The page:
A two-year study, which the
organisation is due to bring out in February, will conclude that at
present 609 of the 666 medium to large Alpine ski resorts have adequate
snow cover for at least 100 days a year - but that these could drop
to just 200 if temperatures rise by four degrees centigrade. This is
something that, according to some experts, could happen by 2050, on
the worst-case scenario (see graphic above).
Germany would be the worst
affected, with just a one degree rise - which the experts say could
happen by 2020 - leading to a 60 per cent drop in resorts with reliable
snow. In fact, the Alps abound with signs that climate change is already
well under way. In the 15 years running up to the turn of the millennium,
they lost nearly a quarter of the area taken up by glaciers. And more
than another five per cent melted in the blistering summer of 2003 alone.
Average snow levels are half what they were 40 years ago.
As the ice that glues them
together has melted, huge masses of rock have started detaching themselves
from mountains like the Eiger, and whole cliff faces have disintegrated.
And the ever-canny Swiss banks have started refusing to lend to ski
resorts less than 4,500ft up in the mountains.
But it is not just the Alps
that are sweltering in this warmest of winters. Friday was the hottest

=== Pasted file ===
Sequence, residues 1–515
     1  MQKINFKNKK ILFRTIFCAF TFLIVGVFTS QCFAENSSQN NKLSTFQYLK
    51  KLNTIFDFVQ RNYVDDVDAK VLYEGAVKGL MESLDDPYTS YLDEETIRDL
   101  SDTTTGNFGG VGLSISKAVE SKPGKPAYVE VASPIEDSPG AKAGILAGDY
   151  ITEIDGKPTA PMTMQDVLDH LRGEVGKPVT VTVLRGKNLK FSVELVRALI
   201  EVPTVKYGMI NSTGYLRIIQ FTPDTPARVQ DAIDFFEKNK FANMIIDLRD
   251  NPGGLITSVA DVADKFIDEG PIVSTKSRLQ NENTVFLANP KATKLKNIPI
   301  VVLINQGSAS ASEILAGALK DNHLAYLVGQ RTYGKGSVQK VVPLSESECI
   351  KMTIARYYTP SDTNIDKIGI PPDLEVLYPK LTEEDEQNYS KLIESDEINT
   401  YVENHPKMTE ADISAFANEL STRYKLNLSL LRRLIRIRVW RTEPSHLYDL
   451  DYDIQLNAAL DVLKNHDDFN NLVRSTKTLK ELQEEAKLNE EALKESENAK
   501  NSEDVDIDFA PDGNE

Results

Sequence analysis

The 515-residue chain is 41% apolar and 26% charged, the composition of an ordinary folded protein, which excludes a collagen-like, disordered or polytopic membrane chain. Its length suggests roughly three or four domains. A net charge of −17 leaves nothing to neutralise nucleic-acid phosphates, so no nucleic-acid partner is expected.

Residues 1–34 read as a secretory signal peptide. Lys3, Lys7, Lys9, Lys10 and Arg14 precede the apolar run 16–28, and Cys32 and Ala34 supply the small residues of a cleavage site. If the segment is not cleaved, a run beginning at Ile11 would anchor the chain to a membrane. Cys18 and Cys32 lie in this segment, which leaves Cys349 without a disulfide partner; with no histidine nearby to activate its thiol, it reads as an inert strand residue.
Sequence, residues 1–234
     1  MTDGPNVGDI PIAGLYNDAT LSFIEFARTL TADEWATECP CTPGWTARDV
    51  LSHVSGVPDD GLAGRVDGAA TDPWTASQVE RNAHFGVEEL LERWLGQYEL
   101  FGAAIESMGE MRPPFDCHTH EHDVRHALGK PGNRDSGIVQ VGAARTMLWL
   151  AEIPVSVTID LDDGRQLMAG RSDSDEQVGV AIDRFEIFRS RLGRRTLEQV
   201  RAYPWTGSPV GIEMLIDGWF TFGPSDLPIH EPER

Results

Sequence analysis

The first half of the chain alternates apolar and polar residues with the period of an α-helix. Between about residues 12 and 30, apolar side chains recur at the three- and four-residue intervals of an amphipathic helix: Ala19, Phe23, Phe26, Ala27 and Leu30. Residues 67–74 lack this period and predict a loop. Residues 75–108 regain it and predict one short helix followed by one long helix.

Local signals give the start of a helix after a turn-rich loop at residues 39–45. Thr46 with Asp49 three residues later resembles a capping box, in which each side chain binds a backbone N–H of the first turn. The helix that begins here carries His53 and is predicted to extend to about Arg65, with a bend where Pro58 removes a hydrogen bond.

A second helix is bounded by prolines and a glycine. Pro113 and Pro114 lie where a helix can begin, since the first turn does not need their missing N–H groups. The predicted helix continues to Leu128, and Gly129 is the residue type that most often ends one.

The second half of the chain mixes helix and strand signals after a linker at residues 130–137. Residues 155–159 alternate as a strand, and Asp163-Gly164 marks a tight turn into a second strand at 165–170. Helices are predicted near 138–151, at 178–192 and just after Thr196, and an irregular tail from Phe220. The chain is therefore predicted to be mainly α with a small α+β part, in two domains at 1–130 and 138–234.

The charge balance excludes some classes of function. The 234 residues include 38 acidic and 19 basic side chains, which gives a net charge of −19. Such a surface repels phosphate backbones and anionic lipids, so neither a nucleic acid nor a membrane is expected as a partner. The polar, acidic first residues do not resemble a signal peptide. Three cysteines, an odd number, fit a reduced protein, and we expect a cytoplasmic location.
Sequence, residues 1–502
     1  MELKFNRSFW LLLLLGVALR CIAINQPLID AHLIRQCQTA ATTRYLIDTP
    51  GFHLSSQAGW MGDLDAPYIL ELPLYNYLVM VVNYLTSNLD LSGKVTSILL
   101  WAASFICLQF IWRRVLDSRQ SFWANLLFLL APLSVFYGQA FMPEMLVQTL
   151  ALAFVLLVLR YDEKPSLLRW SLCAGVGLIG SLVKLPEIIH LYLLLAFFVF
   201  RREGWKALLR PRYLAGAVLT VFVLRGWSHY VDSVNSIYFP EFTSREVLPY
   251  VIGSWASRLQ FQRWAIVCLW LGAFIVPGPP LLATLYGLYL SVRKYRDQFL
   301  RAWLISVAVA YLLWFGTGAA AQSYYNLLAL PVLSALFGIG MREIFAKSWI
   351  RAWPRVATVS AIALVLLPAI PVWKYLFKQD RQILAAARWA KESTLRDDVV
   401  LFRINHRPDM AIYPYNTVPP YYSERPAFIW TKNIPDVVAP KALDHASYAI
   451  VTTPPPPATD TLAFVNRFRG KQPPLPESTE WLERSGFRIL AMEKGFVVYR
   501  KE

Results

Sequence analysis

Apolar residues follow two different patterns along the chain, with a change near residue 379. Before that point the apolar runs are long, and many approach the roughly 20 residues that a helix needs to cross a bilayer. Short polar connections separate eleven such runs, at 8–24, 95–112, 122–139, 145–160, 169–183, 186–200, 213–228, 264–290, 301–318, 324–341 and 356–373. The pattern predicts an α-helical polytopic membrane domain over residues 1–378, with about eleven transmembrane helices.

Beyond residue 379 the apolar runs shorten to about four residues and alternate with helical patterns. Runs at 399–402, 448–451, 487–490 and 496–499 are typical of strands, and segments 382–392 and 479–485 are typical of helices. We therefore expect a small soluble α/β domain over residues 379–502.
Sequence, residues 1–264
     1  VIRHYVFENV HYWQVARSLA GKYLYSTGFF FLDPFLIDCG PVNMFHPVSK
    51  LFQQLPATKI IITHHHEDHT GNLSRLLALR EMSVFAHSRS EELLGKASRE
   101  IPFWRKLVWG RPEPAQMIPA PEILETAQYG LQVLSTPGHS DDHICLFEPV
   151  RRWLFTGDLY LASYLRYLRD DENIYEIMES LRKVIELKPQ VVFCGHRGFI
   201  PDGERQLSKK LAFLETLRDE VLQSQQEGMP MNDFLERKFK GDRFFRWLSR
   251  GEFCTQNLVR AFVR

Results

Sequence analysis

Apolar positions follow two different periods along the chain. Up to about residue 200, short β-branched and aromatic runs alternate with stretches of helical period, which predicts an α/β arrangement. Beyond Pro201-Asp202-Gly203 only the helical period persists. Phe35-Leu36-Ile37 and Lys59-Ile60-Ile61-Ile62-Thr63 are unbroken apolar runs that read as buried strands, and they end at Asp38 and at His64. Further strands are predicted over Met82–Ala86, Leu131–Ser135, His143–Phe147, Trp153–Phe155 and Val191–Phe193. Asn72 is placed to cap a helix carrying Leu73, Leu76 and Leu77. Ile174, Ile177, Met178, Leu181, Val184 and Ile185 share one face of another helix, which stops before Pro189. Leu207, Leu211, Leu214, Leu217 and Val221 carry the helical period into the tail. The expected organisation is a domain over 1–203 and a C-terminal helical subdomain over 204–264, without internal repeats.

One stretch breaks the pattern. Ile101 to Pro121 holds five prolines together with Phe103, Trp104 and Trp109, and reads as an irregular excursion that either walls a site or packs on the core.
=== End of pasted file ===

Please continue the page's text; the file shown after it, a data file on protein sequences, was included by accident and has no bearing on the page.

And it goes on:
winter day ever recorded in Moscow at 8.6 degrees centigrade - as opposed
to the usual minus four degrees - and the temperature in the Russian
capital is expected to climb even higher over the next few days.
Jaguars have ventured out
of their warm lairs in Moscow zoo to enjoy the balmy weather, and bears
have refused to hibernate. Buds are sprouting on the trees and spring
flowers such as violets and coltsfoot are blossoming. The Russian state
weather centre says it is refusing to freeze "even beyond the Arctic
In Sweden, where bears are
also failing to turn in for the winter, the gingerbread houses that
families traditionally make for Christmas are collapsing as the damp,
warm weather melts the icing that is traditionally used to stick them
together. "The problem is the mild winter," says Aake Mattsson
of Anna's, the country's leading gingerbread wholesaler.
Normally frozen golf courses
are still playable in Scandinavia, butterflies have been seen on the
wing in Denmark, heather is flowering in Poland, pavement cafés
are doing a roaring trade in Rome, and people were still sunbathing
and swimming on Spanish beaches in November.
And in Britain, bathed in
warm southern and southwesterly winds, a bumper raspberry crop was harvested
in Northumberland at the end of November, blackbirds are hatching broods
in Sussex, and bunches of black grapes are gracing a wild vine in Essex.
Back in the Alps, resorts
are beginning to wonder how they will keep their 160 million skier-days
of tourist business a year in a warmer world. Some have built spas;
others are offering winter hiking packages. And some experts are beginning
to predict that one day the winter sport season could move to summer,
using roller skis.
© 2006 Independent News
and Media Limited